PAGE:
A quick performance check finds that while the current version of Cyberlink’s MediaEspresso software isn’t handling 4K video decoding quite right, encoding from a 1080p source shows that the new VCE is roughly 40% faster than the old VCE in our test.

Video Encode Performance (1080p)

4K video is still rather new, so there’s little to watch and even less of a reason to encode. That of course will change over time, but in the meantime the most promising use of a hardware 4K encoder would be 4K gameplay recording through the AMD Gaming Evolved Client’s DVR function.

GCN 1.2: Geometry Performance & Color Compression Meet The Sapphire R9 285 Dual-X OC 2GB


View All Comments

  • MrSpadge - Thursday, September 11, 2014 - link

    The point is that Tonga is NOT a rebrand. It's a brand-new chip, AMD themselves call it the 3rd generation of GCN. Making a new chip costs AMD a sgnificant amount of money, that's why they haven't bothered yet to update Pitcairn to at least 2nd gen GCN (1.1). And I'm totally fine with that. It's also OK for nVidia to use GK104 for GTX760. What's not OK - from my point of view - is AMD investing into this new chip Tonga and hardly getting any real world benefit over the 3 year old Tahiti designs. If nVidia introduces a Maxwell which performs and costs them just the same as the previous Kepler, I'll call them out for this as well. But this is pretty much excluded, from what we've seen so far.

    "And I highly doubt the 285 is 'all amd has'."
    It's their 3rd gen GCN architecture, as they say themselves. There's going to be a bigger chip using this architecture, but apart from that I doubt we'll see anything from AMD in the next year which is not yet in Tonga.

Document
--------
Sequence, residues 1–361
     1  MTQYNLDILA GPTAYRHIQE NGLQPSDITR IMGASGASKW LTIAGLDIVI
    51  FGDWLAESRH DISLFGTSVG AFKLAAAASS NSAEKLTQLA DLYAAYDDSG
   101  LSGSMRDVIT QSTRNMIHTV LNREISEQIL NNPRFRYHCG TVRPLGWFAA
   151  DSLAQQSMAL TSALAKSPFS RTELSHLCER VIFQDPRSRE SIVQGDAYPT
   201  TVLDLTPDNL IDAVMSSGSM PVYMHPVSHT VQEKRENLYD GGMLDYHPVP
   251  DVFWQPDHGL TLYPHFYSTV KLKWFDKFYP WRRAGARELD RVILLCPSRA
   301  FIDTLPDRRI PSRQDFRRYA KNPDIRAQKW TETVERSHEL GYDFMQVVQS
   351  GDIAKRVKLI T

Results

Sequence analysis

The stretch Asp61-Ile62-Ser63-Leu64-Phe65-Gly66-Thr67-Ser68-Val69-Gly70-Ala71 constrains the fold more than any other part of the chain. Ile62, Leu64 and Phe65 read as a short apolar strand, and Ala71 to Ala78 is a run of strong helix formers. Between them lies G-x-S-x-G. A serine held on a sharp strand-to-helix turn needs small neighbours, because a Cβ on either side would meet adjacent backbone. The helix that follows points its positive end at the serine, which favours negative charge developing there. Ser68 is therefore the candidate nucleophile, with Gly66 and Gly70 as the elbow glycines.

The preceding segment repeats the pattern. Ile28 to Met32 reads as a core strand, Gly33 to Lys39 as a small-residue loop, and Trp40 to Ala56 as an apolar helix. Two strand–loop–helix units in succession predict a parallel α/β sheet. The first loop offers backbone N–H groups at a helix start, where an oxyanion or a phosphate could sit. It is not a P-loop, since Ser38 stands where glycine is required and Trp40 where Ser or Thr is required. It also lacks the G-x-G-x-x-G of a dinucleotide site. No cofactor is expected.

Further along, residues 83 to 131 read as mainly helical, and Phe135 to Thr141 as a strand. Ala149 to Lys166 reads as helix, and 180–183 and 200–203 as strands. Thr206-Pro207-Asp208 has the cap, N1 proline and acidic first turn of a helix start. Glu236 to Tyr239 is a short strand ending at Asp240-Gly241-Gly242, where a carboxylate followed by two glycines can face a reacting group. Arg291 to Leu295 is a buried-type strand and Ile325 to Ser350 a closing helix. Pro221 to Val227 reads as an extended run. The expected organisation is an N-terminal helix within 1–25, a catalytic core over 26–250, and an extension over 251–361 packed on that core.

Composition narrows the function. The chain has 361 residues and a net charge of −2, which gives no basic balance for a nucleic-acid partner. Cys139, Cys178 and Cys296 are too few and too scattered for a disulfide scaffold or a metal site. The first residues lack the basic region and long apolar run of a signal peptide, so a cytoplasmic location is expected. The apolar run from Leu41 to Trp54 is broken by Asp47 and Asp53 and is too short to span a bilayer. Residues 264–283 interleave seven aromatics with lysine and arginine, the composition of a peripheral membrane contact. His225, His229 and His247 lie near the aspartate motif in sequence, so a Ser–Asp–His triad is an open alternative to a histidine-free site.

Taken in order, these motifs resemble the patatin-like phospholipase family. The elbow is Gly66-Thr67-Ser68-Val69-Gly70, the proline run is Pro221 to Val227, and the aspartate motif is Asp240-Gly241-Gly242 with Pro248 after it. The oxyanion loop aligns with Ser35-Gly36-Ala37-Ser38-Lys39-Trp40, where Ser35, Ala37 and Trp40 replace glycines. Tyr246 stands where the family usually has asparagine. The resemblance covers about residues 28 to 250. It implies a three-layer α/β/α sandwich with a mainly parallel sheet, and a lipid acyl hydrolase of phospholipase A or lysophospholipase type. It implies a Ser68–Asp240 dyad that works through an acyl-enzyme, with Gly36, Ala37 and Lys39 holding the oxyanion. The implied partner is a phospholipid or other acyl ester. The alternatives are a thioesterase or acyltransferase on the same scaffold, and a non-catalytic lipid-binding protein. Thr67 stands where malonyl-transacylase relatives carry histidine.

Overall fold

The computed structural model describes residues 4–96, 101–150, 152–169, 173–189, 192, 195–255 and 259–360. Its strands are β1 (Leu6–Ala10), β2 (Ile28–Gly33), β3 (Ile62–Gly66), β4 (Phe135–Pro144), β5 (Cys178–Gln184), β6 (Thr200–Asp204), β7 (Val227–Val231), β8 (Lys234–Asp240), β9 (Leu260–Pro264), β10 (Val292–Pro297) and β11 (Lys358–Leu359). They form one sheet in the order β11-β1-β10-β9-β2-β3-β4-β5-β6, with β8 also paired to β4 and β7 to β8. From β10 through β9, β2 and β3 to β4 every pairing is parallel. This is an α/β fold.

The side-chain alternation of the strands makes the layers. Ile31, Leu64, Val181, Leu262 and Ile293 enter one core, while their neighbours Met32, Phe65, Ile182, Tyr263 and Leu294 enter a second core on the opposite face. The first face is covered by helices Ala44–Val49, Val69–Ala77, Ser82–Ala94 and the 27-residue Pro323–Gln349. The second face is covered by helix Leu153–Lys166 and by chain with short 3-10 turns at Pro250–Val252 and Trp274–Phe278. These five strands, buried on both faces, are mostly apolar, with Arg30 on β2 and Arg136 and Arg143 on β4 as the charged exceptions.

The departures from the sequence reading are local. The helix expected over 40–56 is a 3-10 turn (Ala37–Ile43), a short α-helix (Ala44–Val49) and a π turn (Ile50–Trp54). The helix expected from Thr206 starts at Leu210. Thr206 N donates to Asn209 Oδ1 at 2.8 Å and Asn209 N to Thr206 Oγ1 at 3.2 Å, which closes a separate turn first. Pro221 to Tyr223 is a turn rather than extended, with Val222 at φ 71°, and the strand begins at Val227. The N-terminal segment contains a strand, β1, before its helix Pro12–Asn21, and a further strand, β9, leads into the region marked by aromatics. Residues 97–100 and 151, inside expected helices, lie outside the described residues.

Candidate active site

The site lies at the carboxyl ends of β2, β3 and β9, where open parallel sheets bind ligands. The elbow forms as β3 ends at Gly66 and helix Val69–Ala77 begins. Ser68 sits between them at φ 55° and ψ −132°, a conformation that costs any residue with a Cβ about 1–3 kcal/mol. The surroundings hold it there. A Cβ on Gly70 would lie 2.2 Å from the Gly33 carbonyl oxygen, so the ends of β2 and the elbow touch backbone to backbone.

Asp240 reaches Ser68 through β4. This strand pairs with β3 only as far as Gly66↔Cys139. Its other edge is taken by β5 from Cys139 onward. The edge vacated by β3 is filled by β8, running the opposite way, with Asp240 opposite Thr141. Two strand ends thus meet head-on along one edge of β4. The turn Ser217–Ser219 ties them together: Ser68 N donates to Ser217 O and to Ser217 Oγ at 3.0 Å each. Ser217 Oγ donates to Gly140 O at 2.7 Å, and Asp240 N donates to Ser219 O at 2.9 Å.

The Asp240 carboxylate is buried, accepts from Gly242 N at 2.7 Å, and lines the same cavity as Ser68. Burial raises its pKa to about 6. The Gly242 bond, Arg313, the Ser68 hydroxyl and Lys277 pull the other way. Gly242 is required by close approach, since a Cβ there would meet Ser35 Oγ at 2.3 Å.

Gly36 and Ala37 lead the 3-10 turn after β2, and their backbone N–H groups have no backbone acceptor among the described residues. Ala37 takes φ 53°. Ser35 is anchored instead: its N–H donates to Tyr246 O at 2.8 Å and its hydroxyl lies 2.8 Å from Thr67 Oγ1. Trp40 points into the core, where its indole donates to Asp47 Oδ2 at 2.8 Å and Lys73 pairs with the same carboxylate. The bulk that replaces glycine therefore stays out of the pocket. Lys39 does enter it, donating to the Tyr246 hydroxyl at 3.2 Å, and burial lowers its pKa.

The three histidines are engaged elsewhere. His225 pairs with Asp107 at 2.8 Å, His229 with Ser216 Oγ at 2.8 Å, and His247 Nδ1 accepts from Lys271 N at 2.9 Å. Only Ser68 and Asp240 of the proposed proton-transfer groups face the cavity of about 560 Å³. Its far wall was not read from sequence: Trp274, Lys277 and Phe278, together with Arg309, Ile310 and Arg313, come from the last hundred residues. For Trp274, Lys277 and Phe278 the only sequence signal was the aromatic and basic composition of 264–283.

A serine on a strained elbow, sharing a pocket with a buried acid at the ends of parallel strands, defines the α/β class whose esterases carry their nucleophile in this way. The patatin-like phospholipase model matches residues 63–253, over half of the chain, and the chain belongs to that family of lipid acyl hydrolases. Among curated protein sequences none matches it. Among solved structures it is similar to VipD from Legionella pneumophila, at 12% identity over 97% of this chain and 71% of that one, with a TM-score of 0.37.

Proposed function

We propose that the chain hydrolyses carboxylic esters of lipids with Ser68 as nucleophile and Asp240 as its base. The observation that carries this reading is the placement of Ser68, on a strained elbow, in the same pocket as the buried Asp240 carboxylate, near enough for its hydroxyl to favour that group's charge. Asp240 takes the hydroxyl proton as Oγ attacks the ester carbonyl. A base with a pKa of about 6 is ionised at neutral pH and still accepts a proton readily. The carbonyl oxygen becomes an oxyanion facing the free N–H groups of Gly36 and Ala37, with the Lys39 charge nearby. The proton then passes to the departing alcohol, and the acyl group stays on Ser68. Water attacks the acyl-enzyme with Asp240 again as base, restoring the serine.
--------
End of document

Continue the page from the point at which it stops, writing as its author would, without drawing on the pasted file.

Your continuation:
• just4U - Friday, September 12, 2014 - link

    The one nice thing about the 285 is it will have resale value that has been lost on the 280-290 series thanks in large part to bit mining. There's a good chance that most won't feel that the 285 (and future incarnations) were run into the ground like the earlier ones were. Reply
  • Frenetic Pony - Wednesday, September 10, 2014 - link

    Nah, what's interesting is that Maxwell may not be worth "responding" too. It's an almost totally mobile focused design, one that's not even totally out yet. If these benchmarks hold true then it's very exciting for AMD's upcoming high end. Nvidia may end up with a 512bit bus as well, but AMD's bandwidth optimizations will mean a similarly specced card of their's will still handily beat anything NVIDIA has in terms of resolution scaling.

    Heck it may even be enough to get a single GPU capable of running games at 4k at a reasonable fps. And that would be awesome. Maxwell might be good for Nvidia's mobile business, but I doubt it's going to help them take back the top spot for high end stuff from AMD.
  • mindbomb - Wednesday, September 10, 2014 - link

    UVD always supported vc-1. The first version supported full decode of h264 and vc-1. You are thinking of nvidia, who didn't have full hardware decode on a real desktop part until fermi. Reply
  • mindbomb - Wednesday, September 10, 2014 - link

    Not that it matters really. It stopped being relevant when hd-dvd lost to bluray. Reply
  • Navvie - Thursday, September 11, 2014 - link

    A lot of blu-rays have vc-1 content. Reply
  • nathanddrews - Thursday, September 11, 2014 - link

    Blu-ray.com has a database that you can search by codec. VC-1 is very much alive and thriving. Reply
  • Ryan Smith - Wednesday, September 10, 2014 - link

    According to my DXVA logs, the 280 did not support VC-1/WMV9. That is what I'm basing that on. Reply
  • mindbomb - Wednesday, September 10, 2014 - link

    I think your logs are referring to the nvidia gtx 280, which did not support full vc-1 decode. AMD had it since the radeon 2600xt, which is ancient. Reply
  • NikosD - Saturday, September 13, 2014 - link


    One of the main advantages of first generation UVD (ATI Radeon HD2000 series) over Nvidia, was the full DXVA VLD support of both 1080p H.264 L4.1 (BluRay spec) and VC-1.